the friend online
27 March 2009

Gift Aid and the 1% fund

Ruth Harrison (20 March) seems to wish us to reflect on the public policy aspects of the practice of giving tax relief to Gift Aid payments.

About thirty years ago, the Brandt Commission recommended that we all (individuals and governments) in the west give 1% of our income to the less fortunate. By giving tax relief on Gift Aid payments, our governments enable us to gift 1% of our gross income (rather than only 1% of our net income) to charity. Charity is, by legal definition and probably also conventional understanding, a matter of public benefit. As a matter of public policy, there is no way of saying whether the National Health Service, social services and so on are more or less worthy than any charitable purpose. Nor is there any way of ranking one charity over another. So government gifting to charities as requested by individual citizens is perhaps not such a bad method of selection. Government knows how much the community as a whole tends to give to charity each year and can budget for the tax relief entailed by the policy of supporting Gift Aid when deciding on its annual tax policy required to fund the expenditures such as Ruth mentions. If the recession (or depression) entails that government can no longer persuade us of the political acceptability of both supporting charitable gifts and funding government expenditure, you may be sure that a budget will one year contain an announcement to accord with such a dire economic state of affairs.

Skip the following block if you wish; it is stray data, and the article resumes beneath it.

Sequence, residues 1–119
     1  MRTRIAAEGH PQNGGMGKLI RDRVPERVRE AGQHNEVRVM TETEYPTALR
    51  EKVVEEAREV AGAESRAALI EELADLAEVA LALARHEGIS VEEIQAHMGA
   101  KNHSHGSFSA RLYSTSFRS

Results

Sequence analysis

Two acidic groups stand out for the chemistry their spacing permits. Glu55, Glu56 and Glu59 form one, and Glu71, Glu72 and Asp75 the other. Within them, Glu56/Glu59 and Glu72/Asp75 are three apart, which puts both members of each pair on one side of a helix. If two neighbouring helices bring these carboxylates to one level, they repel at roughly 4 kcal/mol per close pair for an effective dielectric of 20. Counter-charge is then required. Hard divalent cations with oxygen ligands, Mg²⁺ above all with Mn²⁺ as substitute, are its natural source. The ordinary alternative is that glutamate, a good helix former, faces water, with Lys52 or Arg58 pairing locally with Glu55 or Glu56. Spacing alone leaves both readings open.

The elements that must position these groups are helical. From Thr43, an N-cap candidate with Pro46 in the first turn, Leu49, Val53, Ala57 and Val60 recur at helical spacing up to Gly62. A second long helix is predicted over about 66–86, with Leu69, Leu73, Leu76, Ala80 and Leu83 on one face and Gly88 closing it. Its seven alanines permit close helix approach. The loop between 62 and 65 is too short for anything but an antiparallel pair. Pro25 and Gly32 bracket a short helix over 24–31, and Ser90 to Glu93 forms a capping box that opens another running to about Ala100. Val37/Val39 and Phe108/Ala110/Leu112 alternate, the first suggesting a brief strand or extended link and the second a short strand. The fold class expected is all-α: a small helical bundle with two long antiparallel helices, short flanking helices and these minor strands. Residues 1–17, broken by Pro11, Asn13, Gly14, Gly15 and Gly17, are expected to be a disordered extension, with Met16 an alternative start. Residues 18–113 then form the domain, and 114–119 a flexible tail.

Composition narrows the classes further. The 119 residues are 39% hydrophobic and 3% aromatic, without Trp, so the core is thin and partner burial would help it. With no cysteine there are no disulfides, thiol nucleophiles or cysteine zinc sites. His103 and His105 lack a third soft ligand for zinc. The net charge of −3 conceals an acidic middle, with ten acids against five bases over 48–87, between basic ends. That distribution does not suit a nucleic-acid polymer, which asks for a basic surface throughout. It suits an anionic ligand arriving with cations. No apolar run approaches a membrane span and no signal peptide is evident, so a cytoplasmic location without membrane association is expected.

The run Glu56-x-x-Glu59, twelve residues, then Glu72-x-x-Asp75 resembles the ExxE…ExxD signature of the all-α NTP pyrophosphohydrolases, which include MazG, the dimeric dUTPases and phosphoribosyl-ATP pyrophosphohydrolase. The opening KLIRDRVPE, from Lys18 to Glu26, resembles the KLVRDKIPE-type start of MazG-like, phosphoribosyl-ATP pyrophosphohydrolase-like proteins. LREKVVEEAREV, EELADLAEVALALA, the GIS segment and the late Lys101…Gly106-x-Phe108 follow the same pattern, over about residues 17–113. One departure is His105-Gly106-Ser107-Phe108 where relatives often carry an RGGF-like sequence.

Doubtless, someone with a better memory than myself will be able to tell us whether the Brandt Commission 1% was for overseas aid, in addition to domestic charitable giving, or for total charitable giving (whether domestic or overseas). I suspect that the total giving should be nearer to an amount closer to that of the detested tithe (after making adjustments for the effect of social welfare policy). If Quakers and others had not had the tithe abolished, perhaps the welfare state would never have happened. Is it right that it has? Ruth’s answer seems to be that it is.
Harry Baxter
Harry is a researcher in tax philosophy.
The Brandt Commission

Harry Baxter


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a prison chaplain
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Gift Aid and the 1% fund
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Only sky?
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